A group of evaluation practitioners gathered yesterday for the launch of NPC's new report on innovations in measurement  (Dan Corry of NPC asked what the collective noun for evaluators would be. I humbly suggest, distribution).

The report is worth a look for a number of audiences, but what was interesting for the more specialist audience who attend such launches was the feeling that many of these innovations were not that new, although perhaps their usage is evolving.

An excellent panel (including Siobhan Campbell, Anne Kazimirski and Sarah Mistry) discussed the issues raised, and in my view were touching on a range of reasons for why this innovation or change was occurring. Their answers, combined with a few of my own views, suggest to me that there are four drivers for the approaches discussed in this paper being used more widely: 

  • Disruptive innovation: a typical view of innovation that is created by a new technology being applied by new organisations to old problems, and shaking up the existing market. Remote sensing and some of the approaches that sit under the umbrella of big data are included here, and are definitely outside the traditional skill set of many evaluators
  • Funder pressure/support: two case studies that were presented (Blackpool Better Start and LIFT) talked about the role of funders in enabling older ideas to be delivered. The use of data linking, for example, is not novel in evaluation, but the ability of a large programme (Better Start) to force stakeholders and their data with shared unique identifiers to the table is something that currently only a large wedge of lottery cash can achieve
  • Dissatisfaction: in different ways, the panel talked of a frustration and dissatisfaction with approaches to evaluation that prioritised a particular method. The dreaded randomised controlled trial got a couple of negative mentions, and my suspicion is that comes from a growing acceptance that its dominance within a lot of measurement discourse over the last decade has possibly done more harm than good, as it blocked out all else. I also think that there is a dissatisfaction in standard pre- and post- intervention surveys, as their ability to really understand behaviour is weak. This is encouraging the user-centred approaches to be more valued, such as prioritising feedback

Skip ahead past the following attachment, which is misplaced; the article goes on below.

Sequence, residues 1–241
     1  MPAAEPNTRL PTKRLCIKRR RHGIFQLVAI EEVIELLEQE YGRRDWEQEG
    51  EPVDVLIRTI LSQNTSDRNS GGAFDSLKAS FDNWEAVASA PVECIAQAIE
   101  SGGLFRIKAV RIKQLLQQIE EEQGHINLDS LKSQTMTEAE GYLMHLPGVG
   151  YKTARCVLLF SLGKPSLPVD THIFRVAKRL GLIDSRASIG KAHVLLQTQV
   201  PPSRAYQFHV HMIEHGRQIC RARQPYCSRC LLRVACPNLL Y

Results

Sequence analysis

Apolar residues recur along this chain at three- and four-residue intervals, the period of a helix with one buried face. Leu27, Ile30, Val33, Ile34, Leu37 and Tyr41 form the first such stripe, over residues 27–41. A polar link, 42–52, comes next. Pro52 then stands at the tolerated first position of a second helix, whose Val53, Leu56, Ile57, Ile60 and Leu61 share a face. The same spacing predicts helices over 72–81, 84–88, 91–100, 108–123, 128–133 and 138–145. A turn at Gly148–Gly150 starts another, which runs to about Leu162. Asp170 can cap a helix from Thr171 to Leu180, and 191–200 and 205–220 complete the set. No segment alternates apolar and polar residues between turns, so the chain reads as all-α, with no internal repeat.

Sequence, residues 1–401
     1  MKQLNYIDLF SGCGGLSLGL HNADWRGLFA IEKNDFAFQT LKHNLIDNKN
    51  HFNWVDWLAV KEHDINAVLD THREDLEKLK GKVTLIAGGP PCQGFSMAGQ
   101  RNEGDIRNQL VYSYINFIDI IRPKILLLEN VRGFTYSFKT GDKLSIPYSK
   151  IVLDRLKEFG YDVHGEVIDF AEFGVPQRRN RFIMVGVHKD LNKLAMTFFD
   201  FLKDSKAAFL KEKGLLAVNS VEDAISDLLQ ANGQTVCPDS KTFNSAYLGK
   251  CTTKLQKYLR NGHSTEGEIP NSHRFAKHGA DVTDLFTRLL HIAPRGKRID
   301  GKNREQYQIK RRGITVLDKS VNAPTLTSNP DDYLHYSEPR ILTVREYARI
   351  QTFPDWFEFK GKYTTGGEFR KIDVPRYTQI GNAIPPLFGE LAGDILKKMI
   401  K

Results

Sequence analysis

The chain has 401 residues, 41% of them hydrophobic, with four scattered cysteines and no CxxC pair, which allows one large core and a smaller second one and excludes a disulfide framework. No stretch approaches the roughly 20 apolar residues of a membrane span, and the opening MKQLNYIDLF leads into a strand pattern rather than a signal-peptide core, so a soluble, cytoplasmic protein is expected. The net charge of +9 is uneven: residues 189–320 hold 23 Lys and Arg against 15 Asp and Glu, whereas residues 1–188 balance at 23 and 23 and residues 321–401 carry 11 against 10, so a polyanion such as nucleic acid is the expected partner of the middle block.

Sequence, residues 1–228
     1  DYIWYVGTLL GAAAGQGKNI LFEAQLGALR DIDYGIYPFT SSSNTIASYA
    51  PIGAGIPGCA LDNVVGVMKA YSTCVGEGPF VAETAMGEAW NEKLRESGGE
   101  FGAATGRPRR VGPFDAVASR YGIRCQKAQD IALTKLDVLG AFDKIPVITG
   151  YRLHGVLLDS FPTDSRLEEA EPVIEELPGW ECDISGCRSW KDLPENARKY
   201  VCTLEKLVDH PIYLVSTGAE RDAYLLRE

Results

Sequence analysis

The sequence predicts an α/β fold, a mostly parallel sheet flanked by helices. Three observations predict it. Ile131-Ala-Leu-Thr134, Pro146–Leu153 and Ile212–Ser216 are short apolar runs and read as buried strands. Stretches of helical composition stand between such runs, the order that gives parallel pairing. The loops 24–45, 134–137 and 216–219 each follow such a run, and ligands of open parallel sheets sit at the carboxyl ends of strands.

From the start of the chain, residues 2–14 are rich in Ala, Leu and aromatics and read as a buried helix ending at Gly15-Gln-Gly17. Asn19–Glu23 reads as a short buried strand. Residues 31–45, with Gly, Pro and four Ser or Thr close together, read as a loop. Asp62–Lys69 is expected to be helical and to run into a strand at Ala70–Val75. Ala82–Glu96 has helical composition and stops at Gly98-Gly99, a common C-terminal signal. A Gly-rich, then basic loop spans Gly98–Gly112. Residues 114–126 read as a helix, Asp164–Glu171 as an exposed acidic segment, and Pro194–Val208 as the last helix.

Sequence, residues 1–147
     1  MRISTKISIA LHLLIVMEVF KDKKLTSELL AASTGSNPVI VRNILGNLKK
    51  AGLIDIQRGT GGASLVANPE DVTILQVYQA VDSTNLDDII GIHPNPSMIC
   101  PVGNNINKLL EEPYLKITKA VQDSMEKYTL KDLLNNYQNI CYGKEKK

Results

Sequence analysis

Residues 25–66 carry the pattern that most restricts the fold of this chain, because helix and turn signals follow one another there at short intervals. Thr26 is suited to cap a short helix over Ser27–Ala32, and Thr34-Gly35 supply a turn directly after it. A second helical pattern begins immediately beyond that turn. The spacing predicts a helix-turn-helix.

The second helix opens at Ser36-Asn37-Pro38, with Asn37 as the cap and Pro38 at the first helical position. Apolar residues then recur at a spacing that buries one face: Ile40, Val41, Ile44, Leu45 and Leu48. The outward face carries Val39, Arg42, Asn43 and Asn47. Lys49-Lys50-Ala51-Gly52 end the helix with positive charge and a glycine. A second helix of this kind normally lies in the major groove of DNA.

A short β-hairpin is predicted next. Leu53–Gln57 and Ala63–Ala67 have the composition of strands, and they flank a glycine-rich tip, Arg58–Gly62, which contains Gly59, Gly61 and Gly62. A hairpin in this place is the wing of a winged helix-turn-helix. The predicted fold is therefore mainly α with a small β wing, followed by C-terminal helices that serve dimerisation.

• New questions: finally, and perhaps the inverse of dissatisfaction, is the growing interest in learning within organisations as being a valid part of evaluation and measurement. Impact management and theory-based evaluations are ways to apply the test and learn approaches of things like developmental evaluation, which encourages individual organisations to own and value their learning questions. I think this has been encouraged by a combination of learning-led funders, but also initiatives such as the Centre for Youth Impact, within the youth sector.

At Renaisi we hosted a conversation last year exploring the challenges in the impact measurement space, in partnership with the Centre for Youth Impact. I think this report is highlighting some of the same problems. To start to fix this, my top three hopes are:

  1. Organisations should take more risks in trying new approaches to evaluation (and are supported to do so by their funders)
  2. Funders massively prioritise the data challenge, and use their collective weight to reduce the barriers to entry for smaller organisations to benefit from methods such as data-linkage
  3. Evaluators collectively call out practice that we know isn't good enough in a time of scarce resources. The sector itself needs to be braver in saying when an approach isn't good enough, timely enough or helping improve outcomes. If it's not doing those things, then what's the point?